Happy 8th Birthday Sam. I love you more than popsicles!
Podlexing, is a podcast advertising network from Lex Friedman. It does what it says: Sells ad space on some of our favorite podcasts.
Straight out of an episode of Portlandia.
Amanda Ghassaei, 24, from San Francisco has created the world’s first laser-cut wooden records using songs from Radiohead and Joy Division.
Can you imagine what Mumford and Sons would sound like on wooden records?
My beard is growing as I type this.
‘the ledge’, by wavefort. NOT made in Europe, but in Portland, Oregon. Of course.
Google CEO Larry Page:
“Every story I read about Google is ‘us vs some other company’ or some stupid thing, and I just don’t find that very interesting. We should be building Great things that don’t exist. Being negative isn’t how we make progress. Most important things are not zero sum, there is a lot of opportunity out there.”
Or as my wife’s grandpa used to say: “This is the tiniest of violins and it’s only playing for you…”
Suggesting speed limits for the autobahn is as politically toxic in Germany as gun control is in America. But it’s time to hit the brakes on the country’s reckless driving culture, comments The Local’s Ben Knight.
Couldn’t agree more. I don’t love driving on American Freeways, but I hated driving on the German Autobahn. Hardly ever a long trip without the encounter of a serious, often fatal accident.
Facebook Home is not doing well, and it’s because it’s designers are all using iPhones.
Must be another huge problem for Apple. Oh wait?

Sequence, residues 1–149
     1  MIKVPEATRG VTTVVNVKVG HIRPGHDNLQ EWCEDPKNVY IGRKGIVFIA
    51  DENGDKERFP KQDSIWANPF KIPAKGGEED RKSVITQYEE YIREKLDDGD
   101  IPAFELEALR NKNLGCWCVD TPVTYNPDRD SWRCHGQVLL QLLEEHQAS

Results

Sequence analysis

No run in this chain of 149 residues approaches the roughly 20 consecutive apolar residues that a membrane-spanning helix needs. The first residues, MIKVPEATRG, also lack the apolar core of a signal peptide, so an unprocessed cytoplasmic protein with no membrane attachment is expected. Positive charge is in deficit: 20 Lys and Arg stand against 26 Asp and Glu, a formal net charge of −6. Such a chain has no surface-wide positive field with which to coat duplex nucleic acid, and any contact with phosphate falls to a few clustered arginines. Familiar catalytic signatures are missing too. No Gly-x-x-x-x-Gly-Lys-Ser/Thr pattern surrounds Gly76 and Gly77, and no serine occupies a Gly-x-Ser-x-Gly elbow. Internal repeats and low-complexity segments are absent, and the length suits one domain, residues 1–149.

A Seattle man dribbling a soccer ball from Seattle to Brazil for charity died this morning after he was struck by a car in Lincoln City.
How fast the tables are turning. A few weeks ago everyone was raving about the beautiful design elements of Facebook Home. Now we’re all tossing it out to the trash, because no one is buying it.
All that great design talent at Facebook might just be polishing a turd. They are “just” building an app platform after all.
Square introduces the “Stand” for the iPad register. The next phase to replace the retail Point of Sale system with an iPad and a Square register. Pretty brilliant.
I wish tools like this would’ve been out there in 2007 when I opened my retail shop.
The gamification of banking?
These kinds of monetary systems are designed to get customers to lock in a bunch of cash they can’t later get back out (no refunds or exchanges in this program, of course), and they’re baited with “discounts” to get people to dump large amounts of cash into the ether.
Horrible idea by Amazon.
There we go again.
Some great thoughts on one of the last shows on TV I still like to watch: Shark Tank.
Opening sequence of 007′s Casino Royale completely done in LEGO.
Today seems to be Youtube day… so many awesome videos.
When old people buy new technology… oh my. And that guy wanted to become the President.
He recorded a revised version of David Bowie’s Space Oddity on board the International Space Station.
Epic, in every sense of the word.
Hamish McKenzie takes a look at how the Lord of the Rings has helped New Zealand’s tech industry.